Not everyone is in favour of better privacy online.
The advertising industry, for instance, has its knickers in a twist so tightly about European privacy regulations that it made videos like this to try to sway public opinion:
“Data-driven ad revenue helps make high quality journalism possible. With that revenue diminished, funding for a wide choice of media content will be squeezed. Many independent publishers will start to downsize, and some may even disappear making it more difficult to hold power to account. For the consumer this means far fewer independent sources of information and less diversity of opinion.”
Consumers, they are argue, will be confused, exhausted, and unable to cope if they are given choice about which websites they wish to grant access to their private information.
It begins to sound like a bad movie, when advertisers tell us we face an apocalyptic app wasteland due to the lack of income from data-driven ads:
“The tech startups behind some of the world’s best apps often rely on data-driven ad revenue to offer their apps for free and scale up their companies. Without it, their business model basically falls apart. Less revenue will mean fewer startups and eventually fewer apps for consumers.”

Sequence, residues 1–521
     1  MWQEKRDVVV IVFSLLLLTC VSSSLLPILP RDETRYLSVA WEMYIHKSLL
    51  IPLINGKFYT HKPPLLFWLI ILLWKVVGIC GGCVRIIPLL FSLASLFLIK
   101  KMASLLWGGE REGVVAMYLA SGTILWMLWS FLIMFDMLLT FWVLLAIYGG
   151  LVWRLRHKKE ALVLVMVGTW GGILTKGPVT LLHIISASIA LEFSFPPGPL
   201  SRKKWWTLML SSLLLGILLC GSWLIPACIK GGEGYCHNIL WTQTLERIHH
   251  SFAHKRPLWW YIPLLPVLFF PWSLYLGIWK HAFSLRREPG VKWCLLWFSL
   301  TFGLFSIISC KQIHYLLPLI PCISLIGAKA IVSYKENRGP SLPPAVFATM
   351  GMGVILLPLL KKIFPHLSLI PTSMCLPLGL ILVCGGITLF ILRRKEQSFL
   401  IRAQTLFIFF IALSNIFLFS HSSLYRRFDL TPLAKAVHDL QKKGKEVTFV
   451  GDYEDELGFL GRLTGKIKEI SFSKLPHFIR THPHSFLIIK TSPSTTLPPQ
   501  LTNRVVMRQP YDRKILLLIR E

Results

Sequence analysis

Or, I guess, you could just charge the price of one cup of coffee each year if people wanted to use it.
“Europeans prefer to access content and services for free, but without revenue from data-driven ads free stuff will be in severely short supply. From one day to the next, consumers could be in for rude awakening that requires them to pay up or be left in the cold.”
The challenge that the tech industry is facing is that users are increasingly waking up to the fact that so-called “free” content and services often aren’t free at all. You’re paying by being tracked, and through the collection and exploitation of your data.
Over-the-top videos like “Like a Bad Movie”, made by a tarnished online advertising industry, don’t make me want to have less privacy regulations, they make me want to see more.